TPAC Update on Accessibility in Digital Publishing

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Today we invite guest blogger Gerardo Capiel, VP of Engineering of Benetech, who joined the Consortium to participate in the Digital Publishing Interest Group (DPUB IG). This is cross-posted on the Digital Publishing Blog.

In October of this year, Benetech joined the World Wide Web Consortium to more deeply participate in the evolution of standards that enable educational content to be born accessible. Our first opportunity for deep engagement came earlier this month with the W3C Technical Plenary and Advisory Committee (TPAC) meeting in Shenzhen, China. During the weeklong TPAC meeting, many of the W3C Working Groups that develop W3C Recommendations met to advance their projects and provide an opportunity for others to observe and inform. TPAC was also a great opportunity for face-to-face collaboration with others in the field.

One of the people I had an opportunity to collaborate with in person was Charles McCathie Nevile, aka Chaals, who has long been involved in W3C activities and accessibility. Chaals works for Yandex one of the mainstream search engines, which leverages is collaboration between Bing, Google, Yahoo and Yandex to create and support a standard set of schemas for structured data markup on web pages. These standardized schemas enable webmasters to improve the discoverability of their content. You can experience the benefits of this standardized markup by searching Google for ‘Potato Salad’, clicking ‘Search Tools’ and now having the ability to filter search results by the properties defined at, such as ingredients, cook time or caloric content.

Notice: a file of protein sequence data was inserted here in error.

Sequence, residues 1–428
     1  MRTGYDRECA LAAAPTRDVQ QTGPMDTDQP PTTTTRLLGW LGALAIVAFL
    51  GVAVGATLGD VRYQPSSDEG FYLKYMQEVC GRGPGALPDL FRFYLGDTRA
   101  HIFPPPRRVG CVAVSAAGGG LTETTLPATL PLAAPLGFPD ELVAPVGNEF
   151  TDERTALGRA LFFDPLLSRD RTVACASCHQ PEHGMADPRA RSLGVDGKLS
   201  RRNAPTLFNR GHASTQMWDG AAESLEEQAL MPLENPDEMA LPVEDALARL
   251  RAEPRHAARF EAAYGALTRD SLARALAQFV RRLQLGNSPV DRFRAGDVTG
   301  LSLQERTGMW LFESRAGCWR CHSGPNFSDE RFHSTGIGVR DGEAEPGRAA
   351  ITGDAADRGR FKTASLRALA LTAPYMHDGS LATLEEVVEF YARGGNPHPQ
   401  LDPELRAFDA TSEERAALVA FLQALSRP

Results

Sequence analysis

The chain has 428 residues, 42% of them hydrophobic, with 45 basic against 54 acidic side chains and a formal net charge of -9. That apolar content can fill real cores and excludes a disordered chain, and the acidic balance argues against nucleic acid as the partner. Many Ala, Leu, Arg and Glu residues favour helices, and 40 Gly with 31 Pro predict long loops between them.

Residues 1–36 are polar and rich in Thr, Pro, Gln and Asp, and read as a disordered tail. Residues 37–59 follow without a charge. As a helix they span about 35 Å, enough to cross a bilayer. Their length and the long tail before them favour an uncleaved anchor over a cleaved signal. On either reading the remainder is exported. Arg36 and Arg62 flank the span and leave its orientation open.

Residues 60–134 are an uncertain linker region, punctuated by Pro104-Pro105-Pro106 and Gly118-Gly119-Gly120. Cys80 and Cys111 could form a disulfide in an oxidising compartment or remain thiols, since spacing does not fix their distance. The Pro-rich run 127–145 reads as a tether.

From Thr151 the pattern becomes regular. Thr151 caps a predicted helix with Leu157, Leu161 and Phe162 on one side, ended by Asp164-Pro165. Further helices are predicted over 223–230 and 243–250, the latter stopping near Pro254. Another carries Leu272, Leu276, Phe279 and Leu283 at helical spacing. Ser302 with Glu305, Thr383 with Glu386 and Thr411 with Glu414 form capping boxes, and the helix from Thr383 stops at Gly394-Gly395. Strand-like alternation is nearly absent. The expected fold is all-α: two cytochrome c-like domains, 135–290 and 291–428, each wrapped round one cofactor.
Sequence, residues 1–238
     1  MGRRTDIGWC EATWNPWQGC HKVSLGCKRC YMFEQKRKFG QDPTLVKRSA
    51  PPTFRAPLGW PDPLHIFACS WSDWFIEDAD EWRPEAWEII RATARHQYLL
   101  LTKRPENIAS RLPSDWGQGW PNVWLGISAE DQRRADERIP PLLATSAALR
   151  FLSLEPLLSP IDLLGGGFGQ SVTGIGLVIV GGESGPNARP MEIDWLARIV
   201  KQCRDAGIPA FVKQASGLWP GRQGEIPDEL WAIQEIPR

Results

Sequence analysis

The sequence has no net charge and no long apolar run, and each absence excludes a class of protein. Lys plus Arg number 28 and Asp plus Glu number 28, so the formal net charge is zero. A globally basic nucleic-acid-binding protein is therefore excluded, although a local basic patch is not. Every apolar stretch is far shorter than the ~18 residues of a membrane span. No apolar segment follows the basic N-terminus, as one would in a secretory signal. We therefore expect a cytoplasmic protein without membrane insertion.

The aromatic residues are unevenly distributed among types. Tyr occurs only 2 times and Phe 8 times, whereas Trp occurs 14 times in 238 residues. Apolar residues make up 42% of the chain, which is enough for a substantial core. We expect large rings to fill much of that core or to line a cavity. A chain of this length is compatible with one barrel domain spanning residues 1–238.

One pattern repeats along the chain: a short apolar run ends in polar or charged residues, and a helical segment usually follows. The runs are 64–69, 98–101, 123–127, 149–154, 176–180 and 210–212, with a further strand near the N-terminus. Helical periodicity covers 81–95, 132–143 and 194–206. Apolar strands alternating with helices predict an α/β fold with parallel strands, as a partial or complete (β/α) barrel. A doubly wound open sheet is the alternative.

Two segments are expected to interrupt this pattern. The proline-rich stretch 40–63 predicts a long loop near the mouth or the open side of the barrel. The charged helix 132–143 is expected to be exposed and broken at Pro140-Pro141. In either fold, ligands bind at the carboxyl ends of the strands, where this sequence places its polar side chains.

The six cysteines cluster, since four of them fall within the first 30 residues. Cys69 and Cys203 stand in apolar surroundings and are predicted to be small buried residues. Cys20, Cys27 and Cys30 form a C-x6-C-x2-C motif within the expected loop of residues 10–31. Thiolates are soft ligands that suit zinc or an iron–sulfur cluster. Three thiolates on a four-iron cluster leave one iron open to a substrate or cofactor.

Google search filtered on properties, such as ingredients.

Google search filtered on properties, such as ingredients.

For the past year thanks to funding from the Gates Foundation Benetech has led a working group to propose a set of accessibility properties that can be used with existing schemas to enable the discovery of accessible educational resources. The need for a standard set of properties surfaced during our participation as a launch partner for the Learning Registry in 2011. While the Learning Registry can leverage properties defined by the Learning Resources Metadata Initiative (LRMI), such as educational alignment, there was no standard set of properties that would enable an educator to find closed-captioned videos for hearing impaired students or algebra textbooks that used MathML – an accessible format for mathematical expressions. was the ideal place to define these properties, because they would not only benefit tools, such as the Learning Registry, but would benefit broader Open Web Platform technologies and mainstream search engines, such as Google and Yandex.